Argentina need 'perfect' match to beat Germans
Argentina's national soccer team player Angel di Maria (2nd from L) jokes with his teammates during their training session in Rio de Janeiro July 12, 2014, ahead of their 2014 World Cup Final soccer match against Germany on July 13. Photo by Michael Dalder, Reuters.
RIO DE JANEIRO - Argentina must play a flawless game on Sunday if they are to beat a powerful German team and lift the World Cup for the third time, their coach Alejandro Sabella said.
Germany go into the final at Rio de Janeiro's Maracana stadium as favourites after their 7-1 demolition of hosts Brazil in the semi-final, but Argentina have shown a surprising defensive steel and in Lionel Messi they have a match-turner.
"We need to play great, concentrate hard, occupy spaces quickly, not risk the ball where it shouldn't be risked," said Sabella, who has imbued a new work ethic in the Argentine side during their run to a first World Cup final since 1990.
"From the physical, tactical and character points of view, Germany have always been extremely strong," he told reporters on Saturday.
"And now they have an elaborate style of play, with passes between lines, diagonal balls to the forwards. We need a perfect match to beat them."
Seeing their great South American rivals play in the final at the Maracana is torture for Brazilians who had fully expected their own team to be there fighting for the trophy.
The 100,000 or so Argentines in Rio for the game have been making hay out of that, with songs and jokes mocking Brazil and blue-and-white flags draped all around the famous hilltop Christ statue. But Sabella took a more respectful approach.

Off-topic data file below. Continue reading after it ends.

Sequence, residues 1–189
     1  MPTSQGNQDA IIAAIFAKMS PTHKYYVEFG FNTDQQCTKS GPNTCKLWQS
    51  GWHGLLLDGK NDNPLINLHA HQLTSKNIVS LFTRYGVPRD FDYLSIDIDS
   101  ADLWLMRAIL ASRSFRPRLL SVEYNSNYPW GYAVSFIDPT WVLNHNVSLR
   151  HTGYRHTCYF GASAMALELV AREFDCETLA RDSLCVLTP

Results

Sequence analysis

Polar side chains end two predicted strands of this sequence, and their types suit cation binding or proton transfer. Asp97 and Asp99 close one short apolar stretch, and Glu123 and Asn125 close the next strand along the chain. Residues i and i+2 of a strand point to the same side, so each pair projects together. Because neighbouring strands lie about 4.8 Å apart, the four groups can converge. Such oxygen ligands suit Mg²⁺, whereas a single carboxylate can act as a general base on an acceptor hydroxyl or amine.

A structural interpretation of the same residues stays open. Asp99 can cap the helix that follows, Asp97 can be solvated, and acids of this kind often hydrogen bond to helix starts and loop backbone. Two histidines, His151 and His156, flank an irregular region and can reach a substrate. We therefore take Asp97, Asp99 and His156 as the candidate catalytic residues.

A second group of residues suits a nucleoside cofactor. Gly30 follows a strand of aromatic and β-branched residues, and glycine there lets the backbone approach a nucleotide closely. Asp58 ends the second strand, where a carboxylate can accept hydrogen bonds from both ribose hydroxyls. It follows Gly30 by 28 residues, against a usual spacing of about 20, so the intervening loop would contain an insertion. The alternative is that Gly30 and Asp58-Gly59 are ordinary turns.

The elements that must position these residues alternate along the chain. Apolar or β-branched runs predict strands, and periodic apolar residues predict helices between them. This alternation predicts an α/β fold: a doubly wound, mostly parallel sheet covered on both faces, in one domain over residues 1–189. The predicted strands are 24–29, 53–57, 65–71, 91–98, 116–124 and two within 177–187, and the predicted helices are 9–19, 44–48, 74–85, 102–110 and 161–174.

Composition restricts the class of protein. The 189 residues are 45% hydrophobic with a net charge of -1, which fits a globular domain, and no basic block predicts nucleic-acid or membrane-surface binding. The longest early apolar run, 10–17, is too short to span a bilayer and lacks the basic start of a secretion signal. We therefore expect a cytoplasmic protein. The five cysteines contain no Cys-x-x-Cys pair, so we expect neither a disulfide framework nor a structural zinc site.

"For this to be taking place in a country that has won the most in football is important, it's not a small matter," he said of five-times world champions Brazil.
"I've always been a great respecter and admirer of Brazilian football. So coming to the final in Brazil is something that makes us really proud."
Sabella said he had ideas in mind for a team-talk, but stressed that his charges should really need little extra incentive than being in a World Cup final.
"I think this is a match where you almost don't need to say anything because it is self-motivational. But there's always something to look for to bring that added extra," he said.
"We'll give our all as always, with sacrifice, humility, hard work, being down to earth, giving before receiving, protecting one another, so that Argentina can be a champion again. We will do our best. More than that we cannot do."
Argentina had evolved positively since South Africa four years ago, Sabella said, when they crashed out of the quarter-finals 4-0 to Germany in a game that exposed then coach Diego Maradona's tactical naivety and more cavalier approach.
"Our team is more conservative than four years ago, we are looking to triumph via a different path," he said. "The teams are different although most of the players are the same."
Germany, in fact, knocked Argentina out of the last two World Cups, and, as West Germany, beat them in the 1990 final. Argentina's last World Cup trophy was in 1986 when they won the final, also against West Germany.
"It was very painful, we know what happened," said defender Jose Basanta when asked about the 1990 final in Italy.
"We want to write a new story tomorrow. We are very motivated. We've been touched with a magic wand, and we must enjoy the moment. It goes by very fast, so we have to enjoy it. God-willing, everything can be achieved." (Editing by Ed Osmond)